I wonder what our Faith would look like if we went to Church on Sunday mornings (or Wednesday afternoons, or Friday evenings – – or each of these times every week) to be transformed? I wonder how many of our children would remain active members in our Faith Tradition if they were included in our now mostly adult services, rather than segregating them and hosting only a few intergenerational gatherings each year? I wonder if those among us who are taking up the mantles to be active in social justice activities would have more strength to do so if fortified by spiritually-centered community practices?
I suspect we would be stronger and more united in The Beloved Community if our worship services were rooted in the kinds of rituals, liturgy and ceremony found within the sources we are called to draw our faith from. There is so much benefit to be derived by incorporating authentic ritual into our services as well as including our children in the practice of worship. I believe there to also be benefit in having group-identified places of gathering, sharing and nurturing such as found within the sacredness of affinity and covent groups, as well as youth camps, etc. Yet to completely segregate our children from the core religious services seems at odds with our motto of “inclusion.” And in opposition to expressed desires for our children to claim this Faith as their own when they advance into maturity. If we want to pass the torch of the Unitarian Universalist Faith Tradition to the next generations, we need to include them in the Unitarian Universalist Faith Tradition.
I also am grateful that Catharine named the Women’s movement as pivotal to bringing our Sixth Source to life in our Living Tradition.UU Women and Religion (UUWR) is still active and accessible, dedicated to lifting up Women’s spirituality in our faith, preserving archives, creating curriculum and programs that honor our lived experiences of the divine.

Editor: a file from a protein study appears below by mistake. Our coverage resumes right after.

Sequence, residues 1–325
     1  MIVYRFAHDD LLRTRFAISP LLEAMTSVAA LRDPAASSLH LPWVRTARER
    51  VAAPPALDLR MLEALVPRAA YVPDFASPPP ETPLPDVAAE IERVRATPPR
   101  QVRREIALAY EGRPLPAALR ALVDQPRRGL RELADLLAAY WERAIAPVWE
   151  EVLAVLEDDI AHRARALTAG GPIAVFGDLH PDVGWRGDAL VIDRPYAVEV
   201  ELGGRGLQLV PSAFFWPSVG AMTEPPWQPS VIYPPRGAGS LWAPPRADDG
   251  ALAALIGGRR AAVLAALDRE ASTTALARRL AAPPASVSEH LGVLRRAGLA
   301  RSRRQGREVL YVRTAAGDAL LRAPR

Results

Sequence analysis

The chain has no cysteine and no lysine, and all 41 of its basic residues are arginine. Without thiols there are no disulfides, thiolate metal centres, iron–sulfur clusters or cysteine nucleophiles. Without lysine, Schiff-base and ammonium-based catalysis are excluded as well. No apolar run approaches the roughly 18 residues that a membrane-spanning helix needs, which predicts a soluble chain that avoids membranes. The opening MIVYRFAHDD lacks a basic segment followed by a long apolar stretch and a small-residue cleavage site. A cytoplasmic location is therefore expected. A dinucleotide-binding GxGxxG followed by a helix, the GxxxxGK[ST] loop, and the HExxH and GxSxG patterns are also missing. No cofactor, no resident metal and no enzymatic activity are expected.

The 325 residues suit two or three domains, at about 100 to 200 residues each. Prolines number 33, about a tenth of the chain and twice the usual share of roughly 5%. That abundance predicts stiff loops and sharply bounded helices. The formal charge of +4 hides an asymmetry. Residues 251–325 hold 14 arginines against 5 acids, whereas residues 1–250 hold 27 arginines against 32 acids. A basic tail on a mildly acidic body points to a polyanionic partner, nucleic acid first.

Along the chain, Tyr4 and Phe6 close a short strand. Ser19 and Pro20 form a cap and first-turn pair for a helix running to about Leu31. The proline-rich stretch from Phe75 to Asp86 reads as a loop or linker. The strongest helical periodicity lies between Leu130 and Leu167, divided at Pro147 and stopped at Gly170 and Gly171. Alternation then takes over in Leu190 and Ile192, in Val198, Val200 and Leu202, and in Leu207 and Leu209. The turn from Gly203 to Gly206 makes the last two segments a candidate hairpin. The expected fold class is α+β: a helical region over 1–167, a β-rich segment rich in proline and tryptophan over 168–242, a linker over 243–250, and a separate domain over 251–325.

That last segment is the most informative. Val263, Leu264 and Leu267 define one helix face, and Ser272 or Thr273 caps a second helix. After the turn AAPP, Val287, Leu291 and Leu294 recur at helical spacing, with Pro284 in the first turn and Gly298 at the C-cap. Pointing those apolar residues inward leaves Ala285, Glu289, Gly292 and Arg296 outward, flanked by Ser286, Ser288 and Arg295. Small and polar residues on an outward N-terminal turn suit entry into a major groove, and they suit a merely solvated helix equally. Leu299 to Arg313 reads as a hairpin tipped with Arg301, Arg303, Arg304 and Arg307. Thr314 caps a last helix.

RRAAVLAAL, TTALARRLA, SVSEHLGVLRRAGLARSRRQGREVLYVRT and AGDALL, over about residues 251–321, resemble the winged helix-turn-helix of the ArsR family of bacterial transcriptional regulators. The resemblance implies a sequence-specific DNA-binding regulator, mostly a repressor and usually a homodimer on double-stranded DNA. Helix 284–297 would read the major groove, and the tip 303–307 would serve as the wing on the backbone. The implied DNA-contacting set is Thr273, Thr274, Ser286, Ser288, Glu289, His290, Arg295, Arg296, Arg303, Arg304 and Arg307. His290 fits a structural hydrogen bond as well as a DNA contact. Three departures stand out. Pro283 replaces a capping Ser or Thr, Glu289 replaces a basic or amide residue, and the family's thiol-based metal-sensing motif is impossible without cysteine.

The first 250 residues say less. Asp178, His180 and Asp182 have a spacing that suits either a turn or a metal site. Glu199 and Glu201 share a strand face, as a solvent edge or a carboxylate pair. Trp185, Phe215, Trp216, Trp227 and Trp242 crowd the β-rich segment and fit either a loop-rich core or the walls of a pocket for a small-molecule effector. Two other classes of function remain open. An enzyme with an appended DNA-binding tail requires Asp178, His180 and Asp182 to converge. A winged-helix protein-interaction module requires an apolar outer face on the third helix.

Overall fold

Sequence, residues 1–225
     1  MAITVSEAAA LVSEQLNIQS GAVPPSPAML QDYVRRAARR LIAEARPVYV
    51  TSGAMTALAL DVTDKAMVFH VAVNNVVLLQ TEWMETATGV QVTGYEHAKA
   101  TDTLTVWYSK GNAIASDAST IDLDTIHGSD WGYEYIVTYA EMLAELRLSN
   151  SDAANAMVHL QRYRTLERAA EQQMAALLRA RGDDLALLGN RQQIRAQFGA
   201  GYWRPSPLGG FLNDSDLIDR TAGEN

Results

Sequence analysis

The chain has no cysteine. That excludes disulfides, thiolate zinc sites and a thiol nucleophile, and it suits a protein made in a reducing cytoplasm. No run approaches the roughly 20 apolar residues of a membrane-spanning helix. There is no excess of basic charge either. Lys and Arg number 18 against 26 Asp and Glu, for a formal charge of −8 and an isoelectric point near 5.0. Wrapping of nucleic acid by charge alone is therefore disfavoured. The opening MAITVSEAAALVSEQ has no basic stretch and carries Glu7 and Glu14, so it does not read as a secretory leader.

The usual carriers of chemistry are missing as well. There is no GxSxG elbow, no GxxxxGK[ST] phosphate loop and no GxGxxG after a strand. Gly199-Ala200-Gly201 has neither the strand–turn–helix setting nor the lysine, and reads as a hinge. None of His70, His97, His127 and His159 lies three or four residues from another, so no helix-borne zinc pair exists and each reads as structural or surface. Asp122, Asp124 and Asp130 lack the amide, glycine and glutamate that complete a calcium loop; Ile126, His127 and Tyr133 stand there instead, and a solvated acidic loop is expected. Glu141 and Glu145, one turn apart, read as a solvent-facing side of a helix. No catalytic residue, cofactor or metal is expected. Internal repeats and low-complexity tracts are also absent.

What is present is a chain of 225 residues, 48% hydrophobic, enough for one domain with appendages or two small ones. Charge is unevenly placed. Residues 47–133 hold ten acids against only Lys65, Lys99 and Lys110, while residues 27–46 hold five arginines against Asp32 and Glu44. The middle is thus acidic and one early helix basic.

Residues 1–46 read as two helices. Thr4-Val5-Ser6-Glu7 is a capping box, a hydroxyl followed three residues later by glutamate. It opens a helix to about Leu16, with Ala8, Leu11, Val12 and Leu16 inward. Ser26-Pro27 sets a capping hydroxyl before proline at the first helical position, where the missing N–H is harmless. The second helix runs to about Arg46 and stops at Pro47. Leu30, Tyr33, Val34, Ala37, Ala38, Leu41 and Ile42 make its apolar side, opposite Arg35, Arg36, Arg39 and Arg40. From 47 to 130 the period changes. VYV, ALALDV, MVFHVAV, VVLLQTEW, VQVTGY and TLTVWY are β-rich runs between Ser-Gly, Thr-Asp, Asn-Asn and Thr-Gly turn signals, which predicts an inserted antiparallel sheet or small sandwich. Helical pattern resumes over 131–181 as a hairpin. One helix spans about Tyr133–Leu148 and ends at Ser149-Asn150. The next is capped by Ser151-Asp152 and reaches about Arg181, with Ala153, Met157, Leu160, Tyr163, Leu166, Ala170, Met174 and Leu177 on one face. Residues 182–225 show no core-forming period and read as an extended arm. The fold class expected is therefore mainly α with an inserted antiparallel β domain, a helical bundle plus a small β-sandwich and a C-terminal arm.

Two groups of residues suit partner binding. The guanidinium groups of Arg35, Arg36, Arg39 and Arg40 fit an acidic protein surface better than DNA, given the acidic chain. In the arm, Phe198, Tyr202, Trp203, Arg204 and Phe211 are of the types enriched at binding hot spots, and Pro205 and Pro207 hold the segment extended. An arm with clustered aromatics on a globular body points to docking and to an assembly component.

I encourage you to join Catharine’s The Way of the River Facebook group – – and be prepared for how special Mondays are as group members are prompted to share “Beloved Selfies”: a beautiful way to witness and honor each other where ever we are in the world and on our journeys.
Rev. “Twinkle” Marie Manning, founder of UU Women’s Heart, member of the Unitarian Universalist Society for Community Ministries and UUWomen and Religion leadership team, speaks about the importance of multi-media outreach.
This video was inspired by All Souls Tulsa’s video featuring a member that lives in the UK, found here:
I LOVE THIS! Stories like this are why I use many forms of media and outreach to live into my call.
It is why we created projects like UU Talks and virtual Minerva Potlucks.
It is why so many entrepreneurial ministries are using innovative outreach and service platforms. It is why when I do consulting for groups and congregations, encouraging all to incorporate a media component, at least audio and digital-text copies of sermons and services online, but whenever possible integrate video into their ministries. (my background is television so I aim for the highest quality production possible, but seriously – – if you have an iPhone and a gmail account or Facebook account, you have all the technology you need to expand the reach of your ministry – – it may not be the highest quality, but it is a viable option) People are looking for us. Let’s help them find the kind of salvation we have to offer. Help them find a safe and fulfilling place to call their spiritual home. #UUTalks#UULife#UUWomensHeart#StandingOnTheSideOfLove#UUWR
As we enter this time of Thanksgiving, may we remember:
When we live Life as a prayer, our actions uphold and support the belief in, and realization of, the inherent worth and dignity of every person even if, and especially when, every person does not do the same for us.
Let our gatherings with family, and in community, be filled with peace and love and thankfulness for the blessings we have. May we always and all ways be blessings to each other. Amen.